Each level of circle holds ceremonies to install officers. There are also induction ceremonies for new members. Similar to the Knights of Columbus, the Daughters' induction ceremonies are secret. A secret password is required to verify membership at meetings. Induction ceremonies were first called initiations, and then changed to "conferral of degrees." There are three degrees or stages involving the cross and the crown, symbolic of both Christ and Queen Isabella. Ceremonial odes open and close meetings. Initiation odes occur during prescribed points of the conferral of degrees. Circles display their banners at every meeting. State Circles also have banners which they display at conventions.
The Daughters of Isabella entered Canada in 1924, opening a circle in Quebec. Circles in Ontario, Nova Scotia, and New Brunswick soon followed. In 1984, Juliette Leclair of Montreal was elected the first Canadian International Regent. In 1988, Leclair called a meeting of all DOI Quebec state and local regents to discuss separation from American supervision. She promised that the state and local circles would pay the regents' travel expenses. The DOI Board repudiated this promise, saying the constitution did not give Leclair authority to pay these expenses. Leclair resigned on February 15, 1988. Her letter of resignation is in the DOI Board - Regent's Letters series. She then encouraged Isabellans in Quebec to leave the Order and join her in forming an independent Catholic women's organization. The International Board of the DOI expelled Leclair on March 7, 1988. Leclair established the "Daughters of the Queen of Castille" later in 1988. When DOI protested the similarity in names, she changed it to the Association Marie Reine. Many circles left and the Daughters of Isabella sued Leclair and the circles, claiming that the circles' money belonged to the DOI. Litigation between the DOI and Leclair continued through the terms of two more Regents, until 2003.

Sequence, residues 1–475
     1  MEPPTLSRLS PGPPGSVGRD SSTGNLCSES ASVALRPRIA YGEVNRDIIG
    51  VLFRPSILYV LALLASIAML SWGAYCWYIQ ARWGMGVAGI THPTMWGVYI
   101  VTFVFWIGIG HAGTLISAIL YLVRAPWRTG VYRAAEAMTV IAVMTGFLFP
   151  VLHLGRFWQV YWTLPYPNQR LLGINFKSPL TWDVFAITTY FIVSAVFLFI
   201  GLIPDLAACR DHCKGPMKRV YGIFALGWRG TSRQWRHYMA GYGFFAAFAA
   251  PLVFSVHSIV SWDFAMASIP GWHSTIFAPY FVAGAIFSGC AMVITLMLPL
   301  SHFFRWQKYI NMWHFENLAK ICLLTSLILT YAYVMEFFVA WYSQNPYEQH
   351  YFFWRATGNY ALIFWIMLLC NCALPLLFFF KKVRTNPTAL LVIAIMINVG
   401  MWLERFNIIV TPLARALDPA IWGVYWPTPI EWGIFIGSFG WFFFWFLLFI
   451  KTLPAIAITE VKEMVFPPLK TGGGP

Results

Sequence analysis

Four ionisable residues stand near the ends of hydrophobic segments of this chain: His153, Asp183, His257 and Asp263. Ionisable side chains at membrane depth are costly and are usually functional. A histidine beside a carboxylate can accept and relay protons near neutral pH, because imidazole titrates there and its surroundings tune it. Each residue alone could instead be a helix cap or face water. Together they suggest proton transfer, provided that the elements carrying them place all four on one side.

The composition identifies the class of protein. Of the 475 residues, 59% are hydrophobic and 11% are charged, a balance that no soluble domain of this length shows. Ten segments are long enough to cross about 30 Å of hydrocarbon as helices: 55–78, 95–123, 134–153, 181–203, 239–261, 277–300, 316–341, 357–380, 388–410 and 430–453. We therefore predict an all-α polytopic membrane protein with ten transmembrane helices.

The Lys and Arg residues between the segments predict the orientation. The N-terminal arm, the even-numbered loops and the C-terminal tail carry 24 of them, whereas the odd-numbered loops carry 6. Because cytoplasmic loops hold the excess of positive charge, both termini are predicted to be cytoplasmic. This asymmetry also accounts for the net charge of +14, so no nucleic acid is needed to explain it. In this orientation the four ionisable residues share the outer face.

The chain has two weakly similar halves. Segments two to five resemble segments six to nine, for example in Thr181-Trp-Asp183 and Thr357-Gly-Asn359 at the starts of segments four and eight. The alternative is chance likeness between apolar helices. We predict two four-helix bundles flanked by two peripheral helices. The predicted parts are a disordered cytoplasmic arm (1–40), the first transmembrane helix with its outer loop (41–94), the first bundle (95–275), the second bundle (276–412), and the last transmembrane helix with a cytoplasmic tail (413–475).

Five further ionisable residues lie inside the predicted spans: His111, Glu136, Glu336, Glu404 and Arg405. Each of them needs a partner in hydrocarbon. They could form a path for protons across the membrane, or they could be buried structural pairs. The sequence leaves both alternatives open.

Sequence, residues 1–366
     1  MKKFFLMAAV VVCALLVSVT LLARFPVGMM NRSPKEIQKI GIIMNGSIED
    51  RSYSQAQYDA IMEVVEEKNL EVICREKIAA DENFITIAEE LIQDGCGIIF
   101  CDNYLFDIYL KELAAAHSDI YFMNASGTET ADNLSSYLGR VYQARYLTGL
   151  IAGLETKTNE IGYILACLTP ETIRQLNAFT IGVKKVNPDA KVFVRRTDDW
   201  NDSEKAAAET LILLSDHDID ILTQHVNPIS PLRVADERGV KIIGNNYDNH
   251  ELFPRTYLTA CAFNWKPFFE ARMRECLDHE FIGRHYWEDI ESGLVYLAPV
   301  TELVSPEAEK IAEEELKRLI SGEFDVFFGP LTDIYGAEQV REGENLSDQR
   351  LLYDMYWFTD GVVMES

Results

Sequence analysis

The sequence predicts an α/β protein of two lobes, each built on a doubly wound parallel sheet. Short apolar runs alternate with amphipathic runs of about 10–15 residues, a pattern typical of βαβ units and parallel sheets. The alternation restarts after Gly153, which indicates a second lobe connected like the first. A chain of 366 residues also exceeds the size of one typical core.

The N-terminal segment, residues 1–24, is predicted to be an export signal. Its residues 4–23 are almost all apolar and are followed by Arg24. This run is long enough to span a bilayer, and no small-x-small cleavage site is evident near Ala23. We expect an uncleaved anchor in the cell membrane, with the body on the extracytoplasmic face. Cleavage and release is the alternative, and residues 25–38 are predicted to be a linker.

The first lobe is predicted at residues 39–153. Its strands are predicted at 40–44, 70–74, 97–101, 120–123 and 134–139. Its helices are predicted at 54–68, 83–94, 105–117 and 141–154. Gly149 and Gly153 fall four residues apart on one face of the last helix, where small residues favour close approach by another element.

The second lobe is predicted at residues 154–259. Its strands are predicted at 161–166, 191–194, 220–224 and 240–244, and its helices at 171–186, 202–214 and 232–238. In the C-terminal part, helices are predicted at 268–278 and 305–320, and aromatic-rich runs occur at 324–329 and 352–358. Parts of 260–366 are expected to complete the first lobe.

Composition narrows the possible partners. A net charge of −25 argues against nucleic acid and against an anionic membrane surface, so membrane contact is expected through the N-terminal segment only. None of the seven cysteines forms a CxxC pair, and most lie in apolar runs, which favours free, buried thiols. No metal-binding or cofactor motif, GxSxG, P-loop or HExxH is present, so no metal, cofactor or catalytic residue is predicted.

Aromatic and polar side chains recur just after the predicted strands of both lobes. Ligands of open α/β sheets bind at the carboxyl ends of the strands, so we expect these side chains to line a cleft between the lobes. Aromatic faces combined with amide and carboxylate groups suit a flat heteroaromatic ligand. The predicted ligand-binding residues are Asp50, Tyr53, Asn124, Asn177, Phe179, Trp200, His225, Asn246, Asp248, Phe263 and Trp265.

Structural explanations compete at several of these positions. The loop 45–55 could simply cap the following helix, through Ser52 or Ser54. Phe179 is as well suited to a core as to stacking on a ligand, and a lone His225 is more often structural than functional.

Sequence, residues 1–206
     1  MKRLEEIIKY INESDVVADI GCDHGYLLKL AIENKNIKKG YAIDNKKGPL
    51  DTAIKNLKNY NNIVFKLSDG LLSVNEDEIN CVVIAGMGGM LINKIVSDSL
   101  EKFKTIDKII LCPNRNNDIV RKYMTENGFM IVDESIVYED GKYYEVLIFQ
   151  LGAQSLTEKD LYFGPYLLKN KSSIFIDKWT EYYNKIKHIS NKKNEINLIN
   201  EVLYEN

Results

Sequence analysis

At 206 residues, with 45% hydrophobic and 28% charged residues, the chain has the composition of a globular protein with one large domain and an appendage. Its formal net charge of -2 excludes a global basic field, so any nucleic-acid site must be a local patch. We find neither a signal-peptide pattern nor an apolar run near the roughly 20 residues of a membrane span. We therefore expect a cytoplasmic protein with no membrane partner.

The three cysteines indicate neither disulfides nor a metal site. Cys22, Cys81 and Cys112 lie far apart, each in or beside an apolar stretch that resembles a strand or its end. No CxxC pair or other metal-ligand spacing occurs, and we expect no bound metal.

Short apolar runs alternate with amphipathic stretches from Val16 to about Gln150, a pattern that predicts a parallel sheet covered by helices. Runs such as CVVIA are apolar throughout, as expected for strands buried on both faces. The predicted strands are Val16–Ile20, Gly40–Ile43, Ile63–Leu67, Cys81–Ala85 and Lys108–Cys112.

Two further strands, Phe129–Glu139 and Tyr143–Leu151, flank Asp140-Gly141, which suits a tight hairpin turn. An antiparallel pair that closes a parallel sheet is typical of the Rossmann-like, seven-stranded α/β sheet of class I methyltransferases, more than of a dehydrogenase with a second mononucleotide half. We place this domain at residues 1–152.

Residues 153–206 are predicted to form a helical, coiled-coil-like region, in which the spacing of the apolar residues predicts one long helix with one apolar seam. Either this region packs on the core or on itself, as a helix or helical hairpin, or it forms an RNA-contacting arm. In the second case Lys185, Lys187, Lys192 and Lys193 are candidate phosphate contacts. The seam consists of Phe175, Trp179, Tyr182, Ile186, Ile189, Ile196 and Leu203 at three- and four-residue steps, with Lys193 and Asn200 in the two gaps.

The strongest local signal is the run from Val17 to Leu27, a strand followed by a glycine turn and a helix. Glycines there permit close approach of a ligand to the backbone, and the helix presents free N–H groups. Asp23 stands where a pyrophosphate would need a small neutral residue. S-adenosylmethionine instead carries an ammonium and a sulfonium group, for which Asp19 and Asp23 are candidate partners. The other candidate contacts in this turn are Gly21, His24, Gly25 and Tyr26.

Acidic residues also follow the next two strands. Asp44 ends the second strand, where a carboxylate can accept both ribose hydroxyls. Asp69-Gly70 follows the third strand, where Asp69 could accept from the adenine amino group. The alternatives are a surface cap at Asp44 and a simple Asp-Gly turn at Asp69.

In 1951, three DOI circles were established in the Philippines. Mrs. Lorenza Dalupan, the country's first National Regent, led the growth of the Daughters of Isabella in the Philippines. Within 10 years, the DOI had increased its presence in the Philippines to over 25 circles with nearly 2,000 members. The Philippines circles were suspended in 1978 due in part to restrictions on the exportation of the Philippine peso by President Ferdinand Marcos.
Junior Circles for girls ages 10 through 16 were established in 1931 after the Juniors' constitution was approved at the national convention. The Juniors were represented at the International Union of Catholic Women's Leagues meeting in Rome.